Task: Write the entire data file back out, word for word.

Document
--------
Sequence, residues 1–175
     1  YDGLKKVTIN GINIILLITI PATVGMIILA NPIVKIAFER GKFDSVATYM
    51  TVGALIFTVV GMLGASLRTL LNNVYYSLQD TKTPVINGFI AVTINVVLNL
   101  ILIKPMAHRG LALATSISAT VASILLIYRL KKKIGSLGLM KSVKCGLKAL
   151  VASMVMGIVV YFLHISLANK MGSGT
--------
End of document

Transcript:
Sequence, residues 1–175
     1  YDGLKKVTIN GINIILLITI PATVGMIILA NPIVKIAFER GKFDSVATYM
    51  TVGALIFTVV GMLGASLRTL LNNVYYSLQD TKTPVINGFI AVTINVVLNL
   101  ILIKPMAHRG LALATSISAT VASILLIYRL KKKIGSLGLM KSVKCGLKAL
   151  VASMVMGIVV YFLHISLANK MGSGT